The four noble truths, then, can be divided into two sides. The set of two that we have been talking about is known as the “purified or purifying side of the noble truths.” The first two noble truths would be known as the “deluded or deluding side of the noble truths.” The first two noble truths are the true sufferings and true origins of all sufferings; the true origins of all sufferings are what bring about the first, the true sufferings. The fact that all phenomena come from these causes in terms of the two sides of the noble truths was stated by the Buddhas themselves.
The Three Higher Trainings
In the three types of higher training, the discriminating awareness that understands voidness constitutes what’s known as the “training in higher discriminating awareness.” What acts as the cause for this and must precede it is the training in higher concentration. The root or basis from which these two arise is the training in higher ethical self-discipline. Therefore, to keep the ethical self-discipline of restraining ourselves from committing the ten destructive actions is something very basic, fundamental and important because it acts as the basis from which the other higher trainings grow. Their necessity is like that of a field for growing crops.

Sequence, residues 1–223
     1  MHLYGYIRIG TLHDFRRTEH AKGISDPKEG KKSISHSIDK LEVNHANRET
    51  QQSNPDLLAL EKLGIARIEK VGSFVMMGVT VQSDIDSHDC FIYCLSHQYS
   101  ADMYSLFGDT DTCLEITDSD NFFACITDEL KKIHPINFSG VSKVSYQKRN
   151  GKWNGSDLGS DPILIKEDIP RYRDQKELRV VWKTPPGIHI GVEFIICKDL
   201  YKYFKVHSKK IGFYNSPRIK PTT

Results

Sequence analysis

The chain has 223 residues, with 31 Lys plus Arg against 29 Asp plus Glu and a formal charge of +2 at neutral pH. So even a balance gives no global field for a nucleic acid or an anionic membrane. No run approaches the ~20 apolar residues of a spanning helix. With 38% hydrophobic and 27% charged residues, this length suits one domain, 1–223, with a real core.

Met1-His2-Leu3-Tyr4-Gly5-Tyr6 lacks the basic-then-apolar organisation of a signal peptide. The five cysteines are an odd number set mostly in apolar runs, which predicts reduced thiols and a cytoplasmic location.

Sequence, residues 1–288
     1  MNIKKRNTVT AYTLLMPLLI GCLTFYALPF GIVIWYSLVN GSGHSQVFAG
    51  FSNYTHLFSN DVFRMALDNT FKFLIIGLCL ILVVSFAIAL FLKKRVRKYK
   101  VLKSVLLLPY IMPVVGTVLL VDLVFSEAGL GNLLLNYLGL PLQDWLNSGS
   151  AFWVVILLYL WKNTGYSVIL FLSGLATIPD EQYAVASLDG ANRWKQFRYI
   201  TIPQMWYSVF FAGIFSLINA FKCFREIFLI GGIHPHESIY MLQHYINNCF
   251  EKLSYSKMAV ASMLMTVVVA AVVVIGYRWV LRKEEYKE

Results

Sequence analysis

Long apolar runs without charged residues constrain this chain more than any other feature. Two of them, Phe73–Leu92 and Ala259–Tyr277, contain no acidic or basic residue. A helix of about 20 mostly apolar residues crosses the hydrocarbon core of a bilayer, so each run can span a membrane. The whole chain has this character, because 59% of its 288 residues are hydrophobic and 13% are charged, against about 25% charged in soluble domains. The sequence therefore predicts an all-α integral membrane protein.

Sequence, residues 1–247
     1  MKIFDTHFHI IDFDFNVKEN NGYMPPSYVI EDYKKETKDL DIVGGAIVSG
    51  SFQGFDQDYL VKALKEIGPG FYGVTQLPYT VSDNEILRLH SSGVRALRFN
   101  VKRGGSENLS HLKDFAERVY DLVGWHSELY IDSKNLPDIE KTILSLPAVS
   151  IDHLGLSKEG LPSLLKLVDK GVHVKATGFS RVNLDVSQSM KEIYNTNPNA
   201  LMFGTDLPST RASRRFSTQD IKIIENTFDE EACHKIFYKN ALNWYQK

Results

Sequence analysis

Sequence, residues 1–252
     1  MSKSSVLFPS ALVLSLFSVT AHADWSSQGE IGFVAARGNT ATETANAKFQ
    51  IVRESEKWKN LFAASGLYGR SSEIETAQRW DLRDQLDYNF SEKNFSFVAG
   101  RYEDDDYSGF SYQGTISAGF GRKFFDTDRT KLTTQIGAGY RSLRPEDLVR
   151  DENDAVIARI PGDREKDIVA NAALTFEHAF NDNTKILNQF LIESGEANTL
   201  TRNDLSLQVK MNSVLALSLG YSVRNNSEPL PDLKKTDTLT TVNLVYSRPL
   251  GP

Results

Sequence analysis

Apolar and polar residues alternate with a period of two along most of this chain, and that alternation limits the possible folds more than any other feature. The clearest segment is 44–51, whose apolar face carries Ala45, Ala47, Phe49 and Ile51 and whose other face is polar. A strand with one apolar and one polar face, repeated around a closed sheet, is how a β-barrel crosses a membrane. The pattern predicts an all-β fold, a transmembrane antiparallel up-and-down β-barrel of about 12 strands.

The practices contained in the three higher trainings are the subject matter of the three higher trainings. The scriptures that speak about this subject matter of the three higher trainings are included in the Three Baskets, the Tripitika.
- The subject matter regarding higher ethical self-discipline is found in the Vinaya Basket regarding rules of monastic discipline.
- Concerning the subject matter of the training in higher concentration, the texts that speak about this are collected in the Sutra Basket.
- The topic of training in higher discriminating awareness is found in the texts in the Abhidharma Basket.
The three higher trainings, then, are the subject matter of the Tripitika, and the texts in these Three Baskets present and explain them.
The Duration of Buddha’s Teachings
The doctrine of the Buddha is prophesized to endure for 5,000 years. These 5,000 years are divided into ten 500-year periods:
- During the first of these 500-year periods there are a great many arhats.
- During the second, there are a great many of those who achieve the state of a non-returner.
- During the third period of 500 years, there are many who achieve the state of a stream-enterer.
All of these are arya beings or noble ones.
In the next set of three 500-year periods:
- In the fourth, there are primarily those who practice and maintain the training in higher discriminating awareness.
- In the fifth, there are those who maintain primarily the training in higher concentration,
- And for the last period of this set, there are those who maintain primarily the training in higher ethical self-discipline.